IMAG0683                                 Sanding is done. Now to the Bondo.

I used the Bondo to build up the surface and smooth it out even more.  I knew I was going to need a lot.

IMAG0684Standard can of Bondo on top of a 3 pound can of Bondo.  They’re both gone now.

Naturally when I started this, it got cloudy and started to rain, so off to the basement.

IMAG0686The lighting here makes it look like it is covered with butter cream frosting.  It’s not.  Now for more sanding.

IMAG0687Smoother.  Now we prime it.  I prime it here so that I can get an even single color and be able to see what the surface really looks like and know where to fix.


Now for some more Bondo and sanding and priming.

IMAG0691IMAG0692IMAG0693IMAG0694Yup.  Different color primer.  This is actually a high fill or gap filling primer.  Works great.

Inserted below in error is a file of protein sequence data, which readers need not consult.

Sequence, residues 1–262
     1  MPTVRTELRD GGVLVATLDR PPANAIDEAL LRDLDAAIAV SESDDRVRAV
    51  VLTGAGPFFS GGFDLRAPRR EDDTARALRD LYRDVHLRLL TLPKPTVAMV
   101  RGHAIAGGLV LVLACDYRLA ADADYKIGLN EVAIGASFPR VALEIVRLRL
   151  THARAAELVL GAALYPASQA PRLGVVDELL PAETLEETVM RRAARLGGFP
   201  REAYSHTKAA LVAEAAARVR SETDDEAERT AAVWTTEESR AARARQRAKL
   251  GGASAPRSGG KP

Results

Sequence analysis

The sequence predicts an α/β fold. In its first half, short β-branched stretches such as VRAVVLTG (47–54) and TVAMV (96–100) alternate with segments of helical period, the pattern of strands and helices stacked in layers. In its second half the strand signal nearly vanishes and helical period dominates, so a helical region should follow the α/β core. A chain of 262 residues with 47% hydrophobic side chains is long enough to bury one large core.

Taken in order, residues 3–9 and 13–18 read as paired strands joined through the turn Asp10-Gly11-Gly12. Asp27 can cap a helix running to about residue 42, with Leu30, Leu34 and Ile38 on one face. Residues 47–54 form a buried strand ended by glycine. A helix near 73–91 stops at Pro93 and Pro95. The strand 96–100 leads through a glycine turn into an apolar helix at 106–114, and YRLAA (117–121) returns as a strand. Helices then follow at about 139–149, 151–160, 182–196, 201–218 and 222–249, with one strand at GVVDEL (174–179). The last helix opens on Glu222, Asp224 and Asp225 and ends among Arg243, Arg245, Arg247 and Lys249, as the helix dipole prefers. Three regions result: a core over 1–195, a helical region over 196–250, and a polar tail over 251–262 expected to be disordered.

Now I need to start thinking about the face glass, lights, and rivets.

Last year the lights I used in the face came out really orange instead of yellow.  This year I dismantled some LED flashlights I got on clearance to use for the lights.  The flashlights had a long lamp like section and a standard spot light section.  Lamps for the face and spots for the chest.  To color the face lights from white to yellow a piece of yellow party napkin worked for a great filter.

IMAG0721Hey, the blog isn’t called The Real Redneck Geek for nothing.

IMAG0722All the lights in and working.

IMAG0749Quick size comparison from last years build.

IMAG0764Face glass and rivets in place and everything masked for one last primer coat.  Rivets are the same wooden plugs I used last year.  The orange bit on top is for the camera.  It’s actually the lid off a Gatorade bottle.